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Ragwort (formerly Senecio jacobaea) is a biennial weed which can cause major problems in pastures. It is most troublesome in pastures grazed only by cattle, such as dairy farms and bull beef units. This is because cattle generally avoid eating the weed, so it can become dominant within the pasture. Ragwort contains a number of poisonous alkaloids, but sheep and goats are less susceptible to the effects of these alkaloids than cattle. So sheep and goats will often eat ragwort, unlike cattle, and thus the weed is less of a problem in grazing systems with either of these animal species present. Although a poisonous weed, animals likely to be affected by the toxins simply refuse to eat it, so animal deaths from eating ragwort are not common. The main problem caused by ragwort is that livestock trying to avoid the weed do not eat the grass and clover growing up through ragwort plants and around them. This leads to poor utilisation of the pasture. As ragwort can be a major problem in dairy pastures once it is established, it has been declared as a noxious weed in most parts of New Zealand for many years, forcing farmers to control it. However, ragwort is so well established throughout New Zealand that many Regional Councils are now putting less emphasis on declaring this a Pest Plant. Generally control is only needed within 20 m of the boundary of the property as ragwort seed has been shown to detach from the wind-blown pappus within 20 m of the parent plant.
Ragwort grows as a rosette in its first year of life, and the leaf shape of ragwort is probably unlikely to be confused with many other weeds commonly found in pastures. It is not as finely divided as weeds such as yarrow and stinking mayweed, but generally more finely divided than groundsel, which is seldom found in pasture anyway. Once ragwort flowers, it is very distinctive with its bright yellow flowers noticeable from some distance away. As with many Asteraceae weeds such as the thistles, as it begins to flower, the rosette forms an upright stem which holds the flowers 50-100 cm above the ground.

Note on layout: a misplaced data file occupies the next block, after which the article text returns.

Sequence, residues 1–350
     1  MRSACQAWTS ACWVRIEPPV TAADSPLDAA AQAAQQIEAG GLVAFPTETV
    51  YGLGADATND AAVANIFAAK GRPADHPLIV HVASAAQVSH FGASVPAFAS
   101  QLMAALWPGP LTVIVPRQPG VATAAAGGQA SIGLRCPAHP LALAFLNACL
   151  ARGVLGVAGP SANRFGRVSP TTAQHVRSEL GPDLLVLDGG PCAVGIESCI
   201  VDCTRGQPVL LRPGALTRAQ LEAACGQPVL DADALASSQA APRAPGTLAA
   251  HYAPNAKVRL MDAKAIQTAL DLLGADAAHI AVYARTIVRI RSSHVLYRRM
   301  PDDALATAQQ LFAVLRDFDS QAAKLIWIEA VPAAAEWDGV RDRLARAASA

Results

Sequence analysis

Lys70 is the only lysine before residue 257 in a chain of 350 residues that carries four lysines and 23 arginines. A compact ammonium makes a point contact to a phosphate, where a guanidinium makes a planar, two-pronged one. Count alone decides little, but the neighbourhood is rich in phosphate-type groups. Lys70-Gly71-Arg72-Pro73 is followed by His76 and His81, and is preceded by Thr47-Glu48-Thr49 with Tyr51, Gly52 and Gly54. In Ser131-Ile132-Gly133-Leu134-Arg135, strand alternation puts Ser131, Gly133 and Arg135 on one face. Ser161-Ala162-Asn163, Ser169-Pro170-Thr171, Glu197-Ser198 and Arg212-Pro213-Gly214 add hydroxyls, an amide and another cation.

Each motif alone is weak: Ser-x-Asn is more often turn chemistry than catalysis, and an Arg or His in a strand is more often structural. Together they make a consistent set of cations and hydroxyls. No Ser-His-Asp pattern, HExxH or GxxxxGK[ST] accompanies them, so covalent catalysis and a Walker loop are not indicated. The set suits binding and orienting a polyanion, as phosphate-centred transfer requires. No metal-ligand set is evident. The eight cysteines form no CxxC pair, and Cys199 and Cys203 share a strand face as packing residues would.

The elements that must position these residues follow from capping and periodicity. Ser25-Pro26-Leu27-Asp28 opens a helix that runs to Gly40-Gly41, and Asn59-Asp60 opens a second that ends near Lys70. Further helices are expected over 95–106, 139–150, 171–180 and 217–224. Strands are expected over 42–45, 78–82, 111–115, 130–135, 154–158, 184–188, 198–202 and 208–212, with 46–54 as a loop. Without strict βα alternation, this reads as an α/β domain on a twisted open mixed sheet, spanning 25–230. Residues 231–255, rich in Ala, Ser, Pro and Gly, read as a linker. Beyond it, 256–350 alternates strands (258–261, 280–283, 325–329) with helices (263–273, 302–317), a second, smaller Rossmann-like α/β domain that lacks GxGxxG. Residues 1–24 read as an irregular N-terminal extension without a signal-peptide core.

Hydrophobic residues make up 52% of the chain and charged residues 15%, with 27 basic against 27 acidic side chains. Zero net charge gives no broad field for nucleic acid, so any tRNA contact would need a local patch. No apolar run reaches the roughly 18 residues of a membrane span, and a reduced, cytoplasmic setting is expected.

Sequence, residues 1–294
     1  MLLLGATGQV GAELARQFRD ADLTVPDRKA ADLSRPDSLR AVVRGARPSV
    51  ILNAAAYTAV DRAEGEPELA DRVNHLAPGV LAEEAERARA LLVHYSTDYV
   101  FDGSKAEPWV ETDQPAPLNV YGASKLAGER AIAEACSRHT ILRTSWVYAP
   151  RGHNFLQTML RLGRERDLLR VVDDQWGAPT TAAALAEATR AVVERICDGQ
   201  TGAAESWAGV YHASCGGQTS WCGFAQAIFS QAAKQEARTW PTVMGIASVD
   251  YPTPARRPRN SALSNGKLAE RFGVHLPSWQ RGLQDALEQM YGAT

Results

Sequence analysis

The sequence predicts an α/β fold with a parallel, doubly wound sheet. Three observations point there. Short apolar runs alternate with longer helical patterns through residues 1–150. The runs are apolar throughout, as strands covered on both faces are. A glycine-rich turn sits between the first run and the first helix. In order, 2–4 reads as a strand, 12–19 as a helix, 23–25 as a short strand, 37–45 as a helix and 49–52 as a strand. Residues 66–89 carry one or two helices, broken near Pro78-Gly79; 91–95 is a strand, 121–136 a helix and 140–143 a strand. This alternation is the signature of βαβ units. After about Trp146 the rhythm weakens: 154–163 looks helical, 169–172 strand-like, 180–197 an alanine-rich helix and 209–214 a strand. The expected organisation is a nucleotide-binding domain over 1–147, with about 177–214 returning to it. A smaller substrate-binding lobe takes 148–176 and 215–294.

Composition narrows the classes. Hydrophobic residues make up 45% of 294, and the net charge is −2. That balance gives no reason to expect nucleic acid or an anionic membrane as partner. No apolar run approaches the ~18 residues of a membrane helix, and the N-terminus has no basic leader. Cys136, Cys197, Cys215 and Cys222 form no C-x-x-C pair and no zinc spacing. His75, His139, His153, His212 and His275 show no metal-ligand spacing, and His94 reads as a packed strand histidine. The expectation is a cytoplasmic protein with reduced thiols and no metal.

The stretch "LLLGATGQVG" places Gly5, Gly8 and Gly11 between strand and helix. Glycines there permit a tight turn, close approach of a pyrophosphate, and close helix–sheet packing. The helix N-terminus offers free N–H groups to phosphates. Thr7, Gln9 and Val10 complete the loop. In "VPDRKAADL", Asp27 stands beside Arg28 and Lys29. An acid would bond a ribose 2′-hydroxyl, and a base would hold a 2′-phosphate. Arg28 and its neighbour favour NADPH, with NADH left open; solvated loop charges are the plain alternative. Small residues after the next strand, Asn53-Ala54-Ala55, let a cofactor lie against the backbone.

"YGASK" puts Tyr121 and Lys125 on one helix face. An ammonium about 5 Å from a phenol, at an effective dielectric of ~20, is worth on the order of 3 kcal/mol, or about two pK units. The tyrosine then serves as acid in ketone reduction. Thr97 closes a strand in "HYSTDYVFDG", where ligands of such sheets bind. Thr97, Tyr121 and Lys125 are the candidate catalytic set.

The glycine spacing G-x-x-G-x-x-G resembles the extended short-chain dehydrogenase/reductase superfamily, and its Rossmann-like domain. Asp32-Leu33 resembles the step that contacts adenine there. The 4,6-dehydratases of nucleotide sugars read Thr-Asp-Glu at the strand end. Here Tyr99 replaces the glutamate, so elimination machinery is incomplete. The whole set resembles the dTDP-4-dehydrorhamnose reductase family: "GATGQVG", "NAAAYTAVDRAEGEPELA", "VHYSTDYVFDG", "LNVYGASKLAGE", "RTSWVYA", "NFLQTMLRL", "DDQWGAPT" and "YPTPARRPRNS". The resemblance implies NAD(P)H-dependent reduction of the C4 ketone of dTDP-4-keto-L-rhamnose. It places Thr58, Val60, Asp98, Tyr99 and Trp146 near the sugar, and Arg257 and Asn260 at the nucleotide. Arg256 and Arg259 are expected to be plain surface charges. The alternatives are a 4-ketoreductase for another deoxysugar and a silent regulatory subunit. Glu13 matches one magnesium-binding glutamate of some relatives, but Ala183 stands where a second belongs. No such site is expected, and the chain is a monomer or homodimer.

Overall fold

In grazing systems, introduction of sheep or goats to the system will usually stop ragwort from dominating. However, this is often not feasible on dairy farms. Farmers should attempt to keep their pastures dense throughout the year to stop the seeds germinating. Our research has confirmed this is a species which has seeds that germinate best when not shaded by other plants. Other Massey University work has shown that often germination occurs in winter or early spring following pugging of the soil, and this can be difficult to avoid on a dairy farm. If ragwort is present at high densities, 2,4-D is usually applied while the ragwort is young to give good control. Any plants that do not die can then be spot-sprayed later with chemicals such as 2,4-D/dicamba (eg Banvine), triclopyr/picloram (eg Victory Gold) or metsulfuron (eg Answer). Our research has shown that with these more damaging herbicides, applying them only to the centre of the rosette is as effective as applying the herbicide to the whole rosette, and applying it only to the centre reduces pasture damage. The plants can also be pulled out of the ground. If this is done while at the rosette stage, root fragments left behind will regrow. Generally there is much less regrowth from root fragments left after pulling out a flowering plant. However, some root fragments may regrow even from flowering plants. If the ragwort has started flowering when they are pulled out, the flowers should be removed from the field (perhaps burned) otherwise the seeds can continue to mature even though the plant has been pulled out of the ground. Several biological control agents have been released for ragwort control. The most successful of these is the ragwort flea beetle which appears to be reducing the aggressiveness of ragwort in some areas. The larvae of the cinnabar moth can also defoliate ragwort at some times of the year. AgPest has more about the biology and control of ragwort.
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Last updated on Tuesday 26 November 2019